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Whilst Jordan was still striving to concoct fifty lines of[Pg 187] 'copy' with which to complete his two columns, he was disturbed by Dejoie, who called him. 'Ah!' said the young fellow, 'is Monsieur Jantrou alone now?'

'No, monsieur, not yet. But your wife is here, and wants to see you.'

Very anxious, Jordan hurried out. For a few months past, since La Méchain had at last discovered that he was writing over his own name in 'L'Espérance,' he had been pursued by Busch for payment of the six notes of fifty francs each which he had formerly given to a tailor. He could have managed to pay the three hundred francs which the notes represented, but what exasperated him was the enormity of the costs, that total of seven hundred and thirty francs and fifteen centimes to which the debt had risen. He had entered into a compromise, however, and pledged himself to pay a hundred francs a month; and, as he could not manage it, his young household having more pressing needs, the costs rose higher yet every month, and the intolerable annoyances were ever beginning afresh.

Just then he was again passing through a serious crisis. 'What's the matter?' he asked his wife, whom he found in the ante-room.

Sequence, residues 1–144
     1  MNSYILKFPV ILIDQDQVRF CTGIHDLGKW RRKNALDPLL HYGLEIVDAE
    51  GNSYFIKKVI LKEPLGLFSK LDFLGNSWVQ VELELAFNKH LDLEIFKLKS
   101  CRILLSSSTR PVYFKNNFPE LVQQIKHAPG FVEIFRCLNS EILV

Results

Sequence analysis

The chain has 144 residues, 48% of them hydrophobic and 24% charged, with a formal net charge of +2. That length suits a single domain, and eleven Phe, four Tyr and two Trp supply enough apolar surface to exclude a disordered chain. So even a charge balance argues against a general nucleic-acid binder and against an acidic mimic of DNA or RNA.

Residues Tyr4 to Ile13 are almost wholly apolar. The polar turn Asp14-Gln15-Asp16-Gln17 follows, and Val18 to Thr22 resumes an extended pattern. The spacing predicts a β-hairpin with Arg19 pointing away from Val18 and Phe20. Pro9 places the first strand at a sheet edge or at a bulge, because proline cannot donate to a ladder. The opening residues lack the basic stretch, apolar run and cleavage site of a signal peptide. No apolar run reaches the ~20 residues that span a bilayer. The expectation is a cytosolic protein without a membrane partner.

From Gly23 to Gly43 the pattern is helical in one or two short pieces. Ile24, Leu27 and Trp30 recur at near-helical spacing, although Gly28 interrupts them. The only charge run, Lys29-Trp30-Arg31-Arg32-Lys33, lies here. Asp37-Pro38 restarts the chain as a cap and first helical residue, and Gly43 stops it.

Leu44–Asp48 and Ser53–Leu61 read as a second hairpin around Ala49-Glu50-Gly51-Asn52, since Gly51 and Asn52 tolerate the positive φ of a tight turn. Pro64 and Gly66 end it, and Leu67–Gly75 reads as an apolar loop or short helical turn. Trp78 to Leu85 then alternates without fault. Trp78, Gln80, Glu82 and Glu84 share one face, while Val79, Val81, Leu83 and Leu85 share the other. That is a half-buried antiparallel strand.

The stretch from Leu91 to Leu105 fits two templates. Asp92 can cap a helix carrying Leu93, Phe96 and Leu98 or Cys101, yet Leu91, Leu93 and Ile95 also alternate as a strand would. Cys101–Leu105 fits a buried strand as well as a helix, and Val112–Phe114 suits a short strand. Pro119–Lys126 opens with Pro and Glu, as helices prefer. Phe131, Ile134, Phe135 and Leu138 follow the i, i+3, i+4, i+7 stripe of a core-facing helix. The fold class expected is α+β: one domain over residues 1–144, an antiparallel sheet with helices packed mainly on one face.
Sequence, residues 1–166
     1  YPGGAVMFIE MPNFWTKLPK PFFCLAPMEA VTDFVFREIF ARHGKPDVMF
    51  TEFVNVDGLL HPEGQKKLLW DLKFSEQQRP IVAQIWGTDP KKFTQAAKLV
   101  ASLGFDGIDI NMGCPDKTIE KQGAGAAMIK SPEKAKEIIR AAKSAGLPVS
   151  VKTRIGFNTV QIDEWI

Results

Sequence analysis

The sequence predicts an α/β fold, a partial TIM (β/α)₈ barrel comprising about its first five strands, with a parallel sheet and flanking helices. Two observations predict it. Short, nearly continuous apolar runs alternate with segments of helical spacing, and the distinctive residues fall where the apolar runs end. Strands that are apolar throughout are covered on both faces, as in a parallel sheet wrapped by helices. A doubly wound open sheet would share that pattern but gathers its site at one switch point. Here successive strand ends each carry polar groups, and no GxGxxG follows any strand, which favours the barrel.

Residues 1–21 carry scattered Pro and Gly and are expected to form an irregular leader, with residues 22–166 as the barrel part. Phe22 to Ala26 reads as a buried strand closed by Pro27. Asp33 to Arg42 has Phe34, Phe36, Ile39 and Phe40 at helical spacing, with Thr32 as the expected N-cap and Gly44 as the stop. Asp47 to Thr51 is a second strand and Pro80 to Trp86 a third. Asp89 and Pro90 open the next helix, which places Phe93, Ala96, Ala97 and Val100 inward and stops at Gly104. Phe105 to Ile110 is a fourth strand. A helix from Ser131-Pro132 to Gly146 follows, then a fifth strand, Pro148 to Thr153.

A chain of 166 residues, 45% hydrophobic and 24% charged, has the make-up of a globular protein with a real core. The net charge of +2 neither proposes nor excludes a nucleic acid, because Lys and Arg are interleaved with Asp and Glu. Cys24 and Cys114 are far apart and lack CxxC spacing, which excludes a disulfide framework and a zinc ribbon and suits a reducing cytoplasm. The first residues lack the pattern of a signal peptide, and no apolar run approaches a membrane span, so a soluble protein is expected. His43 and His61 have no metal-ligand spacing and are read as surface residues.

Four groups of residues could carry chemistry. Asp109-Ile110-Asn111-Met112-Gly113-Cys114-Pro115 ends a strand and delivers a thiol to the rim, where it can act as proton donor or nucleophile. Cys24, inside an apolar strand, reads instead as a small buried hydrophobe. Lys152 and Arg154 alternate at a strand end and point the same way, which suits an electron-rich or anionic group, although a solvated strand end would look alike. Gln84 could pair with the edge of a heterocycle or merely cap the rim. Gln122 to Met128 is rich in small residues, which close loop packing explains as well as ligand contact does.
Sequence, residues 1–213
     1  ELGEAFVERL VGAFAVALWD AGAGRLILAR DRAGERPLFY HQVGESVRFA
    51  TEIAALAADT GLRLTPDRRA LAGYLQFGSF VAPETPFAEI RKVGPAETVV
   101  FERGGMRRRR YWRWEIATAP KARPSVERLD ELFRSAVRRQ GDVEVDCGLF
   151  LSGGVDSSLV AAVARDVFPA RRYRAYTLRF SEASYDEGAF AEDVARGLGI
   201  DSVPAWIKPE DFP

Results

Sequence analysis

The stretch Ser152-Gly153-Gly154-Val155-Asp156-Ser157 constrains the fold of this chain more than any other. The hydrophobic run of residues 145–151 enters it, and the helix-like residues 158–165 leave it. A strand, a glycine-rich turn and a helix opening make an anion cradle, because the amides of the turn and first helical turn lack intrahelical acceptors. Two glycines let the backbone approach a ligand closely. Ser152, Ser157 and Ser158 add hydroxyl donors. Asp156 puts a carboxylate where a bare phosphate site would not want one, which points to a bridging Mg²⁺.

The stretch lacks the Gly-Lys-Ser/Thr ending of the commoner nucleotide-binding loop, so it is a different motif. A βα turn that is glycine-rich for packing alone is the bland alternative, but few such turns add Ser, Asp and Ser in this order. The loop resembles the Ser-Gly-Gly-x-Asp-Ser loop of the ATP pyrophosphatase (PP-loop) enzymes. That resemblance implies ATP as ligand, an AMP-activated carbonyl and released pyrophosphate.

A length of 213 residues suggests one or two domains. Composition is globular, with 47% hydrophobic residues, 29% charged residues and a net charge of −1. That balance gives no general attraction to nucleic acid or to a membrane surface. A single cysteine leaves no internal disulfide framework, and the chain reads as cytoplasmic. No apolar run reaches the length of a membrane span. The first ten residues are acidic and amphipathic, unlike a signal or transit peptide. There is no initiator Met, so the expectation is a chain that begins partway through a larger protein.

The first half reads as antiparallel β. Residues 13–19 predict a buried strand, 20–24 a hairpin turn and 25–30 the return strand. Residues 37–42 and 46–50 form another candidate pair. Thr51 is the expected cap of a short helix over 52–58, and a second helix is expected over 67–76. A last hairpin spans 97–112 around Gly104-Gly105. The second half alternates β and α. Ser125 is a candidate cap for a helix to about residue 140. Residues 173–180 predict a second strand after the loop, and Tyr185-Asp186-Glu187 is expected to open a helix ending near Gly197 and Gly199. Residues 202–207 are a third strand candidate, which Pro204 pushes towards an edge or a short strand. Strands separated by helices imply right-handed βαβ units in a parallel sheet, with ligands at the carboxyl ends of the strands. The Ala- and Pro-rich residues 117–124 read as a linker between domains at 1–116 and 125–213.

But, before she could answer, the door of the director's office was thrown open, and Saccard appeared, shouting: 'I say, Dejoie—and Monsieur Huret?'

'Why, monsieur, he isn't here,' stammered the bewildered attendant; 'I cannot make him hurry.'

The door was closed again with an oath, and Jordan, having taken his wife into one of the adjoining offices, was there able to question her at his ease.

'What's the matter, darling?' he again asked.

Marcelle, usually so gay and brave, whose little, plump, dark person and clear countenance, with laughing eyes and healthy mouth, expressed happiness even in trying times, now seemed utterly upset. 'Oh, Paul, if you only knew!' she replied. 'A man came—oh! a frightful, ugly man—who smelt bad, and had been drinking, I think. Well, he told me that the matter was ended, that the sale of our furniture was fixed[Pg 188] for to-morrow. And he had a placard, which he wanted to stick up at the street door.'

'But it is impossible!' cried Jordan. 'I have received nothing; there are other formalities to be observed.'

'Oh! you know still less about these matters than I do. When papers come, you do not even read them. Well, to keep him from putting up the placard I gave him forty sous, and hurried off to tell you.'